The reason that female Turkmen candidates do not obtain as many votes as their male counterparts is that some are “seeking to marginalize and obliterate the role of Turkmen women,” for their self-interest as they want to “monopolize the Turkmen representation in parliament” for themselves.
Regarding her personal experience, al-Naftchi says that she faced many challenges during the electoral campaigns that she ran, and since 2010, when she obtained a parliamentary seat in accordance with the quota system.
However, in the 2018 elections, she wasn’t successful when she ran as part of the al-Nasr Coalition list, as “some male Turkmen politicians sought to use all ways and means to exclude me from running on the Turkmen Front’s Kirkuk list for fear of competition,” Naftchi claims.
She faced the same issue when she formed the Turkmen Will Party at the end of 2017, as she faced many difficulties and challenges from those who worked to bring her down, personally and politically.
Turkmen women are able to fulfil their role if given the opportunity
38-year-old Rabab Ismael, a Turkmen activist, stressed in her interview with KirkukNow that "Turkmen women have shown their competence in different eras and in various fields, and they are able to run state institutions, but they are waiting for the door to opened for them to play their role in the political arena, be it in parliament or in the government."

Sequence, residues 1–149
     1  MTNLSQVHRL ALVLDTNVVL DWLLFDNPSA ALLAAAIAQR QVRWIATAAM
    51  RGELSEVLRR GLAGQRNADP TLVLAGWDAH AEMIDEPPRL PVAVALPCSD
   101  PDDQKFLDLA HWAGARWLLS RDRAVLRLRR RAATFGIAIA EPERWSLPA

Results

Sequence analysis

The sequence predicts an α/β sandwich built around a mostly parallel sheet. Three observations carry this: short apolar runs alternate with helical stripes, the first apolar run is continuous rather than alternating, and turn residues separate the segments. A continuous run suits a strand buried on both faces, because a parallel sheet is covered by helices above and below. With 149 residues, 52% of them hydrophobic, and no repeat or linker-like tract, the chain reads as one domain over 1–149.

"Iraq is constitutionally obliged to the women's quota system in parliament, as the constitution specified 25% for women's representation, and this temporary solution has tangibly contributed to the involvement of Iraqi women of various ethnicities and religions in politics over the past years."
Among the current 8 Turkmen members of parliament, there two women: Layal Muhammad Ali (al-Fath Alliance - Nineveh), and Khadija Ali Abbas (Turkmen Front - Kirkuk).
The total number of Turkmen seats in Parliament is 8 (out of 329), where the Turkmen Front, led by Arshad al-Salehi, holds 3 seats, and the Turkmen Bloc has 5 seats.
Before the authorities, society violates their rights
Hayman Ramzi, head of the Tulay Organization for Turkmen Affairs, holds the Turkmen community itself responsible for the failure of Turkmen women to obtain their rights and their role in government institutions.
the Turkmen community itself hasn’t done us justice and the deprived us of our role and still does in getting opportunities in assuming leadership positions